June 1, 2016
When you were young, you likely played with a G.I. Joe action figure, a Barbie doll or a flashy toy car. Today your cellphone may have a plastic case and your car can’t operate without all of its plastic components. Each of those objects were made using injection molding, a process that was specifically engineered to produce precision parts at a low cost.
Designing plastic parts and their manufacturing process is a combination of art and engineering. A good design means parts are consistently high quality, and can be produced at high volume. A bad part or process design means costly rework, poor quality and disappointed consumers. How can you set yourself up for success? Follow a few relatively simple rules.
1. Design with the Manufacturing Process in Mind
Plastic parts are produced by injecting plastic pellets into a mold that is custom-designed for each part. A mold can cost tens of thousands dollars to even a few million dollars—so, you want that mold design to be right the first time, and certainly before you start cutting metal. To do this, you want to optimize the part and the mold at the same time.
One example of this is to try to keep a consistent wall thickness. Plastic likes to flow along the path of least resistance, and a complex thick/thin setup will cause the plastic to flow to the thick areas first, causing gaps and uneven cooling. If your design doesn’t allow for a consistent thickness, play with gate placement or consider a post-molding coring or thinning step that still lets you keep the thickness uniform during injection.
The best way to design the part and manufacturing process in parallel is through simulation. Build a CAD model of the part, simulate the injection process, adjust, try again and so on. Iterations like these cost you the license for the simulation software and a bit of time, but can vastly improve outcomes.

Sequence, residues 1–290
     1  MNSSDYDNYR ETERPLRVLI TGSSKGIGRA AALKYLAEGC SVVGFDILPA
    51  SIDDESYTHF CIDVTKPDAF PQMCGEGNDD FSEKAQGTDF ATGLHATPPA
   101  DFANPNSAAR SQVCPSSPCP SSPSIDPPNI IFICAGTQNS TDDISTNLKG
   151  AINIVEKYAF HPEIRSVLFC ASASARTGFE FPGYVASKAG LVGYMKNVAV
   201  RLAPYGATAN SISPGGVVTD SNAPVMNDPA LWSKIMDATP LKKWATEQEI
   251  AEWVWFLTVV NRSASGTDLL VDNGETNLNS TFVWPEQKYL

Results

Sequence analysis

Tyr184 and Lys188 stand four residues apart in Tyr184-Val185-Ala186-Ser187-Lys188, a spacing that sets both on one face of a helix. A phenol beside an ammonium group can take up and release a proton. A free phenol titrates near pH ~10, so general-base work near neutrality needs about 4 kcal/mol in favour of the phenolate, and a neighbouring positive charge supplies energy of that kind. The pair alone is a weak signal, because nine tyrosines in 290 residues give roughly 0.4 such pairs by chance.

2. Design the Outside of the Part
The outside is what your buyer sees. You want it to be free of seams and welds, sinks, warping, shrinkage or other visible defects. Many designers work on the inside of the part because that is where ribs or bosses and other structural and functional elements reside. Those are important because they enable the part to fulfill its mission, but they’re not sufficient to ensure a happy customer. Again, simulation can help answer questions like: Is it possible change a gate location to make it less visible? Can the boss be a bit smaller, so that it’s not visible one the lip of the part? Simulation enables you test out many possible scenarios before building a prototype mold so that you reach the best combination of function and form.
3. Play with Materials
Digitally experiment with the materials available to you to come up with a balance between design aesthetic, cost and manufacturability. Amorphous resins, for example, are more viscous and tend to shrink less than crystalline or semi-crystalline plastics, which have better flow characteristics but also shrink more. Your part and mold design must factor in shrinkage, delamination, color streaks, blisters and flow marks—all of which will affect the customers’ perception of the part. Also consider cooling: might another material have a different profile, so you can produce more parts in a given time period? All of these affect the economics of part production and are important factors in the overall design.
4. Measure, Measure, Measure
Even the best simulations can only estimate the manufacturing process. Often, a sample mold is used to produce a test run of the part. This step helps determine if adjustments need to be made to the mold, the resin, or its temperature and flow rate. Simulation can speed the front of the design process, allowing time for more creative iterations, but can’t completely replace the need for prototyping.
The mold is often the biggest investment in the manufacturing process for plastic parts, so getting it right is critical to the success of the project. You want accuracy and consistency in production, and to get to market at the right time. A mold with the correct gate locations will yield high precision parts, with optimal structural properties and appearance. Getting the mold wrong can be costly—not only in cash terms, as rework increases the cost of the mold and creates production delays, but also in damaged reputations.
About the Author
Monica Schnitger is the founder, president and principal analyst of Schnitger Corporation. She has developed industry forecasts, market models and market statistics for the CAD/CAM,CAE, PLM, GIS, infrastructure and architectural / engineering / construction and plant design software markets since 1999.Follow DE